Global power may currently be in the hands of a scary three year old in the body of a grown man, a sinister former member of the KGB and an ambitious inscrutable oriental power, but I try not to let that bother me overmuch.
What can you do?
My answer is to find things that make you cheerful and take your mind off the dire new world – world war three will happen, or then again, it may not.
I have several pleasant things to look forward to in books, music and horse racing.
Firstly, books. I was pretty underwhelmed by the literature on offer at the start of 2016, but I did find some gems published last year after it was almost over.
I’m currently reading A Gentleman In Moscow by American writer Amor Towles, an author unfamiliar to me, even though he has one other novel, The Rules of Civility, published in 2011.
A Gentleman In Moscow is a real find; a charming and thoroughly enjoyable novel set in Moscow, covering the years 1922 through to the 1950s.
Though the novel is set in Moscow in the period following the Russian Revolution, it is mostly confined to the grand old Hotel Metropol where the novel’s protagonist, Count Alexander Rostov, is detained under house arrest.
It’s a novel to be enjoyed for its elegant and witty prose style, rather than page turning action. However, there is plenty to keep the reader amused and beguiled as Count Rostov settles into his prison and adapts to its limitations. He’s a likeable character, a man with good taste and manners - a true gentleman- who enjoys the good things life has to offer in his confinement, and treasures the friends he makes along the way.
Events outside the Metropol are not ignored; the tumultuous events of post revolutionary Russia intrude on the charmed lives of the Hotel Metropol residents every so often.
Other 2016 published novels I was taken with are Margaret Atwood’s wicked take on Shakespeare’s The Tempest Hagseed, and Moonglow, a fictional biography by Michael Chabon, wonderfully written as you’d expect. I also read some super short story collections, Joan Aiken’s The People In The Castle, Get In Trouble by Kelly Link and Children of The New World by Alexander Weinstein.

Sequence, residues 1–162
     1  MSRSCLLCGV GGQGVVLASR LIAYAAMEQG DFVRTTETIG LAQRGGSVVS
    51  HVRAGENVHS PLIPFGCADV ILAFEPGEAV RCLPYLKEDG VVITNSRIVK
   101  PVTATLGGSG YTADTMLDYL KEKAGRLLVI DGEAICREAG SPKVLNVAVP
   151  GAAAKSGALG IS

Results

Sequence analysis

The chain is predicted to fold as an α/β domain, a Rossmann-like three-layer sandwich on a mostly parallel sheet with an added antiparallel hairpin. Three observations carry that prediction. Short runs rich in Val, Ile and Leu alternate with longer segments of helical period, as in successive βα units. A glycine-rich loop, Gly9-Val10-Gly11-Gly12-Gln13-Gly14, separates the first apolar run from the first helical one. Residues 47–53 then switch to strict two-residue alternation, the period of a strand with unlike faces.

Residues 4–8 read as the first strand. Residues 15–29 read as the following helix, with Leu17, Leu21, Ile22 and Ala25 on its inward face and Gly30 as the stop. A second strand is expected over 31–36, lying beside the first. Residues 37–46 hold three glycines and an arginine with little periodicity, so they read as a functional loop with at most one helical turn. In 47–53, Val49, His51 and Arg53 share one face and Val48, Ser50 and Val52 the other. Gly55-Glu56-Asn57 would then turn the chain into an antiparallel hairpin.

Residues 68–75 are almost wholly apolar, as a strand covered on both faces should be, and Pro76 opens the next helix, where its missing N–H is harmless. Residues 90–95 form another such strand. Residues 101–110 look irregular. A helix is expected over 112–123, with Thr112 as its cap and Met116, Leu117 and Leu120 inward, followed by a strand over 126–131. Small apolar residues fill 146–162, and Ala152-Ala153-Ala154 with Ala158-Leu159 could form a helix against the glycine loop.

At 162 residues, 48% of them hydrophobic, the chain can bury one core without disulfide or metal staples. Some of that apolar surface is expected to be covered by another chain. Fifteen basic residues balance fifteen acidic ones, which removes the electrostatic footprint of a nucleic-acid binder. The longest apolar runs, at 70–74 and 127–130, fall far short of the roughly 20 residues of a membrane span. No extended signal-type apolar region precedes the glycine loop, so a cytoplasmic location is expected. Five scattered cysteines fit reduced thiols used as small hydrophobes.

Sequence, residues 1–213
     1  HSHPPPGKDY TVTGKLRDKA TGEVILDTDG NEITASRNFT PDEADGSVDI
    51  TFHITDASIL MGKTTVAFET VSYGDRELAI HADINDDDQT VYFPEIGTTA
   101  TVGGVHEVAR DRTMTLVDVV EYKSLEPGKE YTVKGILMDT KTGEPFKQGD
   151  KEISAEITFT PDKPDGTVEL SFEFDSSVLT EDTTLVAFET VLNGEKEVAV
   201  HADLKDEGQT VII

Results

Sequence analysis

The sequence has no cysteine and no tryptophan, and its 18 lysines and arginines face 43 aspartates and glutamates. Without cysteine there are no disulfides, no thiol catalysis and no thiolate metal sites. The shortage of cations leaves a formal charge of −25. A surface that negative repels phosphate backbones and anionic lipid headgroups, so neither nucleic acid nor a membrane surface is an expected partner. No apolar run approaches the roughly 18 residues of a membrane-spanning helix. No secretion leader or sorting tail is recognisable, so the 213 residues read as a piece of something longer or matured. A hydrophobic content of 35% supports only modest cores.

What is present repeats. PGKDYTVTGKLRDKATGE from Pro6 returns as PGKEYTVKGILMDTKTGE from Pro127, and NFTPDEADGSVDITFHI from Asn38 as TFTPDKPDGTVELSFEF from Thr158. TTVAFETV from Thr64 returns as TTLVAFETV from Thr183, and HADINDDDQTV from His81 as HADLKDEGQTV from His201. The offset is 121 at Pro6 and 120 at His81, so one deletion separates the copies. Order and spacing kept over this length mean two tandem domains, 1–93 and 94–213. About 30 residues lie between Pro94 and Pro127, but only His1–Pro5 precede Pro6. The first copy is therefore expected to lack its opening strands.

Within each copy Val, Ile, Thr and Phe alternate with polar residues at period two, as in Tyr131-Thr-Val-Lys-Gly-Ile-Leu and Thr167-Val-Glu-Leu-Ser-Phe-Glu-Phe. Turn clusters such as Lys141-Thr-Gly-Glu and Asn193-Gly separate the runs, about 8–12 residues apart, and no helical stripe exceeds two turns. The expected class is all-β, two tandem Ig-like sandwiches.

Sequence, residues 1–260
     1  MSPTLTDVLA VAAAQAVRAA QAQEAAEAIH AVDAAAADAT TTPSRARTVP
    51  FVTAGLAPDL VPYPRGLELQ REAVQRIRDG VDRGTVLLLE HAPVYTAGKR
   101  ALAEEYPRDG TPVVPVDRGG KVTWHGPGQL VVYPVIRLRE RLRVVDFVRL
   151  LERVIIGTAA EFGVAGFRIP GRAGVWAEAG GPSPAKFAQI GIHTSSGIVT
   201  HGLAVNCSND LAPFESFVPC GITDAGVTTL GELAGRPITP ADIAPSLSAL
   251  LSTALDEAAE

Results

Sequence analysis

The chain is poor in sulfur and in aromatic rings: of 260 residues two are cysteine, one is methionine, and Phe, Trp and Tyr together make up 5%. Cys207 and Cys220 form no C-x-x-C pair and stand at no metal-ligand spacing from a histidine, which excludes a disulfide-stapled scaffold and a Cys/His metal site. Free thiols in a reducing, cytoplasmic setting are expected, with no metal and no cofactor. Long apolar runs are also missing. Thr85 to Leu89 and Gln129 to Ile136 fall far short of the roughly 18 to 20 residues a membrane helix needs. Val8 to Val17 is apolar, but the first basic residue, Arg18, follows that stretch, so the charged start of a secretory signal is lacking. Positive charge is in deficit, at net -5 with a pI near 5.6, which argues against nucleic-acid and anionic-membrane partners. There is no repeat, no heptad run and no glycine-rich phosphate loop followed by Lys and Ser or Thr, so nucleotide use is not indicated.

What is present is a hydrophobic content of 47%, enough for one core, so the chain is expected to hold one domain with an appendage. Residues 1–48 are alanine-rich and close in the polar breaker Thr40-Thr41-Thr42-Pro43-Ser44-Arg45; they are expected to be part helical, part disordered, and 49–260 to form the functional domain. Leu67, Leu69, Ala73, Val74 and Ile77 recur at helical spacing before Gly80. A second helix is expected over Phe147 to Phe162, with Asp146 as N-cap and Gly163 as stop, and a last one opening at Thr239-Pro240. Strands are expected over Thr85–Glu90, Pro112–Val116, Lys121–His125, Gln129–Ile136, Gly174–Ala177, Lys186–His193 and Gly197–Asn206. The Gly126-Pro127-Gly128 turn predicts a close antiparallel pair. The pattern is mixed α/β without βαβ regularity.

This year’s fiction offerings are far more promising with novels by favourite authors Neal Stephenson (The Rise and Fall of D.O.D.O), Nick Harkaway (Gnomen), Phillip Pullman (The Book of Dust) and John Crowley (Ka: Dar Oakley in the Ruin of Ymr) all to be published this year.
As for music, I have three concerts to attend in the next few months, with the Dixie Chicks on April 2 at Rod Laver Arena. My all time favourite artist Ryan Adams will be performing live in May at Margaret Court Arena. In July I’m off to see America, the 1970s band, best known for the song “Horse With No Name”, at Hamer Hall.
Having been awed by the amazing performance of Winx in the George Ryder Stakes last weekend, I had an overwhelming urge to go and see her in her final race for autumn, in three weeks time at Randwick, in the Queen Elizabeth Stakes. I have decided to fly to Sydney for the day and have booked my flight and purchased a ticket to the event, which also covers public transport fares to Randwick Racecourse. So a sort of mini adventure is on the cards for Saturday 8 April. I don’t care what the weather is like – rain or shine will suit me either way.
Rebecca, if you’re reading this, I can get you a race book (can’t promise to get it signed, but I’ll try) and hopefully a Winx flag. Send me an email at email@example.com if interested.
If you’re wondering at my folly, check out this video of Winx winning the 2017 George Ryder Stakes last Saturday. Be mindful that the track was a heavy 10 (Heaviest category track, very wet, towards saturation). All the racing fraternity are lost for words at her latest win, but I can’t help but rejoice that a racehorse of her calibre is back with us again so soon after Black Caviar stole our hearts away.